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Nothing but the best

Simon Norris, ceo and founder of Flooring Projects, talks to CFJ about a range of topics affecting the industry, including what the company is looking for in a fitter.

On Brexit and Covid-19
Brexit created a lot of uncertainty in the flooring industry but just as we were developing contingency plans for Brexit, Covid-19 then took hold, diverting business attention to the immediate impact of the pandemic. This changed the economic landscape somewhat, similarly to most businesses in the UK.

The fundamental issue with Brexit was that many manufacturers are based in Europe, therefore UK distributors are extremely reliant on their distribution and warehousing models. Add to this the additional administration and tax duties and we were looking at an increase in cost and delays to deliveries of materials to site.

At Flooring Projects, given our dynamism we were able to take stock and pivot quickly. We reviewed our operational process and distribution network, placing a focus on the issues we could immediately control. For instance, ordering materials promptly rather than waiting until they were needed onsite – this subsequently enabled us to limit longer waiting periods and work more effectively in the interest of our clients.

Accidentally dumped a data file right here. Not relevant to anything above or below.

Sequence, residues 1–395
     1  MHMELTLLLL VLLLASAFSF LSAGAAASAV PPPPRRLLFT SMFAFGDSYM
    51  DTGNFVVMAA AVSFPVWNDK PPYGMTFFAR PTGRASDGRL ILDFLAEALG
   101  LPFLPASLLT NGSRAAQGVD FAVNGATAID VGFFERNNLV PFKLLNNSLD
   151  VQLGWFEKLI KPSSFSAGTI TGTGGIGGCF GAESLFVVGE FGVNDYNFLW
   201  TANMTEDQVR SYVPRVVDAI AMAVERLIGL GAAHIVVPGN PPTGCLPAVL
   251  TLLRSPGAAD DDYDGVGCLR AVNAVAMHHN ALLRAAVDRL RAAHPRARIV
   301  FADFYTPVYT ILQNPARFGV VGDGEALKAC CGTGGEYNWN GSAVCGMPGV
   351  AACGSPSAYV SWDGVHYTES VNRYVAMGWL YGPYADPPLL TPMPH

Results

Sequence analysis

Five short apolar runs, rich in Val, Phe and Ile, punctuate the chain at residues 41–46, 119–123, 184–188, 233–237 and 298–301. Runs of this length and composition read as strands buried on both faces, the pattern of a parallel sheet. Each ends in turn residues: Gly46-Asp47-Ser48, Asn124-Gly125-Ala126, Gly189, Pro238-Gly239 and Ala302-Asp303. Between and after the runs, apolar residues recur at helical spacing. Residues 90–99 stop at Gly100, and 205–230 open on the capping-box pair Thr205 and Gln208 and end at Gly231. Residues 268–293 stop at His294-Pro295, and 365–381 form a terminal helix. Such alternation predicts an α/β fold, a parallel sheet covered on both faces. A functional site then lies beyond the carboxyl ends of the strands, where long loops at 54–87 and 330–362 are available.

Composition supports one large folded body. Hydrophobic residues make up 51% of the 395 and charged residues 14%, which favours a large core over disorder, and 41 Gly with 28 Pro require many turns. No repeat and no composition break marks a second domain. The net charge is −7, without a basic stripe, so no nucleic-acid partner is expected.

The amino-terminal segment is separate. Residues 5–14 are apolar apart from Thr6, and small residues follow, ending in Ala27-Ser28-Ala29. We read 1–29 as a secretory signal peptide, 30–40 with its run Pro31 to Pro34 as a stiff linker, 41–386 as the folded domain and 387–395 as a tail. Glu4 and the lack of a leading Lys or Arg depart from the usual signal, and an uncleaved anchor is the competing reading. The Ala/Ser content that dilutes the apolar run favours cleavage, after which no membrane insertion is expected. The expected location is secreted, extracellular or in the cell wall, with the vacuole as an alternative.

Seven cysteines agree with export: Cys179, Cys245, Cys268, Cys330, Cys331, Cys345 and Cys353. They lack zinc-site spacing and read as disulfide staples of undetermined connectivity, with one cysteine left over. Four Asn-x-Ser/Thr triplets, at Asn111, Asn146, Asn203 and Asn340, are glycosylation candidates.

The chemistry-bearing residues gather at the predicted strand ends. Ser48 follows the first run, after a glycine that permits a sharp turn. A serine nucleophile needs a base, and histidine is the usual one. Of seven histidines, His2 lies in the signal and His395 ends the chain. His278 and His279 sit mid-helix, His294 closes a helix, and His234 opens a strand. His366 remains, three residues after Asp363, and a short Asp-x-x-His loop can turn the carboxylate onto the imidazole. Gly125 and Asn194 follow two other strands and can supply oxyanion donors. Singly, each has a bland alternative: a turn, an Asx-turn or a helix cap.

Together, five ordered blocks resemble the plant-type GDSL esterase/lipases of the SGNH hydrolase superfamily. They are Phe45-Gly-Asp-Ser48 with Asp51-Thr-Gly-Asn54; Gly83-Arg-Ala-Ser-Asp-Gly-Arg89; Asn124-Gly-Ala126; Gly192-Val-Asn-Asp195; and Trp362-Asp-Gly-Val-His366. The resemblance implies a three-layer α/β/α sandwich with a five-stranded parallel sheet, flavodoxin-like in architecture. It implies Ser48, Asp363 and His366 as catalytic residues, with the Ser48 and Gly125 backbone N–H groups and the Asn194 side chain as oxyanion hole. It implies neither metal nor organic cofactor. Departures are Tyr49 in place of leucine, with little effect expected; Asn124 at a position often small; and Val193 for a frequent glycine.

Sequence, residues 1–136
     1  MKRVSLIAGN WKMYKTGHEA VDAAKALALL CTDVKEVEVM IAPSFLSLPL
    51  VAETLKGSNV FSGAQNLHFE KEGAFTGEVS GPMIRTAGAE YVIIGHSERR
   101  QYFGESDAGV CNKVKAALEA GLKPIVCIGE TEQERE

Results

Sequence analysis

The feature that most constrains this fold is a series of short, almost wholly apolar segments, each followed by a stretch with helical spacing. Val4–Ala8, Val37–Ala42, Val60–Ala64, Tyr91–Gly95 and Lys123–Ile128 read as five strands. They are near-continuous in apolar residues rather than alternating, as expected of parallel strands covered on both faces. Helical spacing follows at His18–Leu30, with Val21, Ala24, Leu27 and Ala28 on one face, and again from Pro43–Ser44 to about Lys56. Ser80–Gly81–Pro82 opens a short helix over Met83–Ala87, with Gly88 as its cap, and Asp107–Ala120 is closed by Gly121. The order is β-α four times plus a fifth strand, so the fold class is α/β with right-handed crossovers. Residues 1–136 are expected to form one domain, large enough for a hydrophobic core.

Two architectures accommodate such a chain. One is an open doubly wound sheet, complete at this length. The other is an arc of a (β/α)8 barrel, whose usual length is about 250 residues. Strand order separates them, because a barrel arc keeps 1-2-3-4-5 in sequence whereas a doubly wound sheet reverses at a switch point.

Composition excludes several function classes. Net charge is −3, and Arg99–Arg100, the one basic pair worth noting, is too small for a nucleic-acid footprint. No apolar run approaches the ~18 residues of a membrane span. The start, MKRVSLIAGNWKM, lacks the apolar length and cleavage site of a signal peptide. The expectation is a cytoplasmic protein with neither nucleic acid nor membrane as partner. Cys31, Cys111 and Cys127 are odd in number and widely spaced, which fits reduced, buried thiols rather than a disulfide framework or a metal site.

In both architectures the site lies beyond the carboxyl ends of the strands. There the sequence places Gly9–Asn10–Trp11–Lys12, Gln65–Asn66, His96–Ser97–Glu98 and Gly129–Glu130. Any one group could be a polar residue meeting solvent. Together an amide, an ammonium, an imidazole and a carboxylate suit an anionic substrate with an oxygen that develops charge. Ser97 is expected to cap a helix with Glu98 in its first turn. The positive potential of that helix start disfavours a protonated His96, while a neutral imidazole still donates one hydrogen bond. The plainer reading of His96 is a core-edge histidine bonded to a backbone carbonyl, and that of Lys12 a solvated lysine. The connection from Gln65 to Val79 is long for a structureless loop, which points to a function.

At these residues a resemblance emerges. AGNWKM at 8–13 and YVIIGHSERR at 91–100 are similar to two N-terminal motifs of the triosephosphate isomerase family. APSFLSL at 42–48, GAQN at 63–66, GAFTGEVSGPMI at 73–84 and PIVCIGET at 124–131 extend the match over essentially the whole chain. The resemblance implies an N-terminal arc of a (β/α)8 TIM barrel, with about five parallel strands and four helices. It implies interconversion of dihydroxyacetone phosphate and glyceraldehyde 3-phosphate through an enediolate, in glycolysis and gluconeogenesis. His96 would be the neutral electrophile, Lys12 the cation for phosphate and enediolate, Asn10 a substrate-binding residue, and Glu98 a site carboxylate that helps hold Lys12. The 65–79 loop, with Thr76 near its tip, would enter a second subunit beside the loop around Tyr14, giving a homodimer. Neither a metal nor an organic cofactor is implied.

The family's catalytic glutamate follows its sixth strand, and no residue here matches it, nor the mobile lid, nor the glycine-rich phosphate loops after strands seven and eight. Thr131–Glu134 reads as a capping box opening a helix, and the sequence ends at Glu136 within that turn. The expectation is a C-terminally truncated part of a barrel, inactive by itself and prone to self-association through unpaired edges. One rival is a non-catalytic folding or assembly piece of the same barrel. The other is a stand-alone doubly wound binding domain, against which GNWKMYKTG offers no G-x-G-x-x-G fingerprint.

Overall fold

Being proactive rather than reactive when issues arose certainly stood us in good stead with the pandemic, as well as Brexit. There’s no doubt the economic shock from Covid-19 was significantly larger than any immediate impact that came from Brexit. In particular the impact on demand. For us, we had to proactively change our scope and adapt plans in order to facilitate consumer behaviour, which again was constantly shifting owing to the ramifications of the pandemic.

Given the showroom we intended to open couldn’t be visited in lockdown, we opted to place a larger emphasis on digitisation and successfully now have our digital and showroom in Trafford Park both available to suit all client requirements.

On material supply issues
The flooring industry can better deal with material supply issues by planning – it’s that simple. Ordering materials ahead of time and planning in advance would transform the industry. When it becomes last minute, then this in turn costs the sub-contractors money, and it subsequently ends up being a vicious cycle. Time is of the essence for supply.

On labour shortages
This is not a new issue. Good labour has always been a problem and the past two years have only shone more of a bright light on this fact. At Flooring Projects, we only want to work with the best and are constantly on the lookout for quality, reliable floor fitters. Nothing else will do.

Communication is key. We communicate constantly with our fitters to ensure they’re fully informed about what we’re doing as a business. We work with them very closely to benefit all parties. Moving forward, our plan is to look at ways to retain our existing labour force and improve performance, rather than focus solely on recruitment.

On inflation